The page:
Birthday Review: Sonya Dorman’s “When I Was Miss Dow”

Birthday Review: Sonya Dorman’s “When I Was Miss Dow”

Cover by Gray Morrow
Cover by Gray Morrow

Sonya Dorman was born on April 6, 1924 and died on February 14, 2005. She occasionally published as Sonya Dorman Hess or Sonya Hess and had a career as a poet independent of her career in science fiction.

Dorman received a Rhysling Award in 1978 for her poem “Corruption of Metals.” Her story “When I Was Miss Dow” was nominated for a retrospective James Tiptree, Jr. Award in 1995.

“When I Was Miss Dow” was first published by Frederik Pohl in the June 1966 issue of Galaxy Magazine and it made the initial Nebula ballot the next year. Brian W. Aldiss and Harry Harrison included the story in Nebula Award Stories 1967.  It was also reprinted in the British edition of Galaxy in January 1967. Judith Merril included it in SF 12 and Pamela Sargent reprinted it in Women of Wonder. The story appears in The Norton Book of Science Fiction, edited by Ursula K. Le Guin and Brian Attebery. Ellen Datlow published it on-line in Sci Fiction on May 21, 2003. Many of the volumes that reprinted the story have gone by multiple titles.

Martha Dow is serving as a research assistant to Dr. Arnold Proctor on a colony planet. Although Martha looks and acts like a human woman, she is actually one of the indigenous species, a protean, who can change its shape at will. The proteans have adopted human form to better interact with the colonizers. While most of them take on the form for short periods of time, Martha has been forced to retain her human shape indefinitely, causing her to blur the distinctions between her natural self and the persona she has adopted.

As with many high concept stories, “When I Was Miss Dow” could benefit from being fleshed out more and giving an examination of the culture and world Dorman has created, but the focus of the piece, on how form impacts psychology and the male-female interaction, is strong. The humans have brought only men to the planet and the Proteans, who do not have gender the way humans think of it, fill the gap, although it would have been nice to see the humans have more curiosity about the situation.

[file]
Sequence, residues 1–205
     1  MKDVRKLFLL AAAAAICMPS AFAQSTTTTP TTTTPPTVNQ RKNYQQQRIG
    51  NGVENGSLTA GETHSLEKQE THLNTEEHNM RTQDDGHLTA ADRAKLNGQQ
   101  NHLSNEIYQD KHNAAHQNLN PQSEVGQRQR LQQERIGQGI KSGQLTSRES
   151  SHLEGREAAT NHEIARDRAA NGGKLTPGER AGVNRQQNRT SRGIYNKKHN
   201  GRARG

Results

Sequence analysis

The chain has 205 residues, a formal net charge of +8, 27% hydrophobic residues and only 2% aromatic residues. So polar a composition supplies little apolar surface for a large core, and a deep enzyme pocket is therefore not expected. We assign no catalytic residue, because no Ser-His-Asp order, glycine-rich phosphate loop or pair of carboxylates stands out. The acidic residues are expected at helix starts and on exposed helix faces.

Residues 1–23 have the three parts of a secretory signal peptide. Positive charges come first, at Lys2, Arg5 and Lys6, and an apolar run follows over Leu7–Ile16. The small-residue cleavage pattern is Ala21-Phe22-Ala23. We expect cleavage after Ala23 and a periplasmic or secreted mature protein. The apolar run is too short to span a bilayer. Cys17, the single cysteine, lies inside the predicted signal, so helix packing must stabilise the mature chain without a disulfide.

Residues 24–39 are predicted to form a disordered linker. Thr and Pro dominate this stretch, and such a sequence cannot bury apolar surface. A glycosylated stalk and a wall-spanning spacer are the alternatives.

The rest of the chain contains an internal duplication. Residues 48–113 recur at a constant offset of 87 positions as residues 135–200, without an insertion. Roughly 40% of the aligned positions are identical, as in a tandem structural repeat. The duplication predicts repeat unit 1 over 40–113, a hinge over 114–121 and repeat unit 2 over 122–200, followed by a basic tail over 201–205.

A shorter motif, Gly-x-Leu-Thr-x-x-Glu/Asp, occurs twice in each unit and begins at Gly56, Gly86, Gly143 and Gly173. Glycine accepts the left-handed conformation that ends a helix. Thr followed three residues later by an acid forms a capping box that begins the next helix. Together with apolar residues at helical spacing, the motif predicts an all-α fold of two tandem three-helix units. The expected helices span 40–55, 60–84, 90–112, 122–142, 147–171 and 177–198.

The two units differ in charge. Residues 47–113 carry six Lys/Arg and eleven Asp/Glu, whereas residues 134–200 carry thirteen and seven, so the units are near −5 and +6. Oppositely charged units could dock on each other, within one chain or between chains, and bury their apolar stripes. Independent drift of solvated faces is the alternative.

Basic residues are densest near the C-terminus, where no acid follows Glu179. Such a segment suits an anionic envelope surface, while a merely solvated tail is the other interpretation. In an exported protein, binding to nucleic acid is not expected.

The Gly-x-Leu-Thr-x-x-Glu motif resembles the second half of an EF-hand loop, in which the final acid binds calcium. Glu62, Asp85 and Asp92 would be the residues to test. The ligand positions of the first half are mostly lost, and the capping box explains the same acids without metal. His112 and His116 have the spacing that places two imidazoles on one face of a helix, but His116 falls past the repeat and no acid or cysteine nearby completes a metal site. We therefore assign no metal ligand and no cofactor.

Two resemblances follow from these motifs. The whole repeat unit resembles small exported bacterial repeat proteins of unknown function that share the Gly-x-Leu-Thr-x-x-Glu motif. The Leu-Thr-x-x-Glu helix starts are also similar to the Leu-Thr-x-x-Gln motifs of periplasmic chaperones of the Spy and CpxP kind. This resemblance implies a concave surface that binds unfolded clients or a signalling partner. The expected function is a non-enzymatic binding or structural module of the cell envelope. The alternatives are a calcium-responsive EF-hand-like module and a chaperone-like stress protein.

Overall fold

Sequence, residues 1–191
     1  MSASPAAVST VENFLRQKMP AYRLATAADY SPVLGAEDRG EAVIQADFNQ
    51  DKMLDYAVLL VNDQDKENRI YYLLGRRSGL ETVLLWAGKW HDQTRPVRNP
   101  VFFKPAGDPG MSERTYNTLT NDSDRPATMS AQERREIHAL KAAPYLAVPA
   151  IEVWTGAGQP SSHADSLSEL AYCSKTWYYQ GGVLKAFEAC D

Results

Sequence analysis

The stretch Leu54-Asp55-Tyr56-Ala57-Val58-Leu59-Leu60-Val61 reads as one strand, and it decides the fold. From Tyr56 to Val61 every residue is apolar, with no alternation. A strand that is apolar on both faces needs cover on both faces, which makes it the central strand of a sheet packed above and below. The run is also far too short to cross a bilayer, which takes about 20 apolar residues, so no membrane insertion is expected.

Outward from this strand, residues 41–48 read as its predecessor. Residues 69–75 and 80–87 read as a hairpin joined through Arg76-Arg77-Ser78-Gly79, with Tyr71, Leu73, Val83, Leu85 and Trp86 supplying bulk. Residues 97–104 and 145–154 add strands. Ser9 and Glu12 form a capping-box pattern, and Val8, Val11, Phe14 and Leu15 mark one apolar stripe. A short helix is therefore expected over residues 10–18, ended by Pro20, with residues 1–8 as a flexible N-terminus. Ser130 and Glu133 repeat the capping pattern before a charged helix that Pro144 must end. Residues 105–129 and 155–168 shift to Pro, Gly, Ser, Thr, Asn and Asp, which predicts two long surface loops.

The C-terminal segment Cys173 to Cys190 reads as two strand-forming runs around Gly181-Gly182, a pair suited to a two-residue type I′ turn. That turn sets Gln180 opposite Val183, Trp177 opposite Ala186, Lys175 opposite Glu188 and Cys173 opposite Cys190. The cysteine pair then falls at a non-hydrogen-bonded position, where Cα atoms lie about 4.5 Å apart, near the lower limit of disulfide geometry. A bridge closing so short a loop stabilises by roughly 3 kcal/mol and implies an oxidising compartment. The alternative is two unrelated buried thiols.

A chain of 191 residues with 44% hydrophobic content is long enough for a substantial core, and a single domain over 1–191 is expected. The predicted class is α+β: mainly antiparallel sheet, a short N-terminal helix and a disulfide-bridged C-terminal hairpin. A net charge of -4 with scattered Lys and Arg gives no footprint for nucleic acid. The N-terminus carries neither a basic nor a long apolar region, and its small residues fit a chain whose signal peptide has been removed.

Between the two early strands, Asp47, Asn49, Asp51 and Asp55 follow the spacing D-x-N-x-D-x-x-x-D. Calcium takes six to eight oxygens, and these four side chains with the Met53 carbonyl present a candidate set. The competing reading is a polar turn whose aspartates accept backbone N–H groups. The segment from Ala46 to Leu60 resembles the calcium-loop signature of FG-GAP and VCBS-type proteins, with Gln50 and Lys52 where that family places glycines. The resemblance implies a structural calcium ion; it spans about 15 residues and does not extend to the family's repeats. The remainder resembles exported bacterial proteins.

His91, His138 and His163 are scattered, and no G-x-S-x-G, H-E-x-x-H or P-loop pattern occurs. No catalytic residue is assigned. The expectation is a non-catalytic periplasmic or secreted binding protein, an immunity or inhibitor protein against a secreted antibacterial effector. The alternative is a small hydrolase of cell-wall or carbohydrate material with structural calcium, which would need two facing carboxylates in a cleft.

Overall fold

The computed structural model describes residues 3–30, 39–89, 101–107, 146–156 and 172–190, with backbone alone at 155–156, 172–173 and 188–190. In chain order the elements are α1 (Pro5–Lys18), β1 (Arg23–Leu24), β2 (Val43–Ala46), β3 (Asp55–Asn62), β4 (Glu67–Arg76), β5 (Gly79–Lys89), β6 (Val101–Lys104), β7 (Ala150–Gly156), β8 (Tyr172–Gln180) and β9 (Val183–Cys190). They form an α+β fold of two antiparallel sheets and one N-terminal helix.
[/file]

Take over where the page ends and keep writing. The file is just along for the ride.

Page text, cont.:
Reprint reviewed in the anthology  Nebula Awards 2, edited by Brian W. Aldiss and Harry Harrison, Stealth Press, 2005.

Steven H Silver-largeSteven H Silver is a sixteen-time Hugo Award nominee and was the publisher of the Hugo-nominated fanzine Argentus as well as the editor and publisher of ISFiC Press for 8 years. He has also edited books for DAW and NESFA Press. He began publishing short fiction in 2008 and his most recently published story is “Doing Busines at Hodputt’s Emporium” in Galaxy’s Edge. Steven has chaired the first Midwest Construction, Windycon three times, and the SFWA Nebula Conference 5 times, as well as serving as the Event Coordinator for SFWA. He was programming chair for Chicon 2000 and Vice Chair of Chicon 7. He has been the news editor for SF Site since 2002.

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Rich Horton

Dorman was a really fine writer — and a strong poet, too. I encountered one of her poems in an anthology we had as a text in high school, and was surprised to see the same author in an issue of Analog around the same time.

I think “When I was Miss Dow” is excellent, and I also like her Roxy Rimidon stories a lot.

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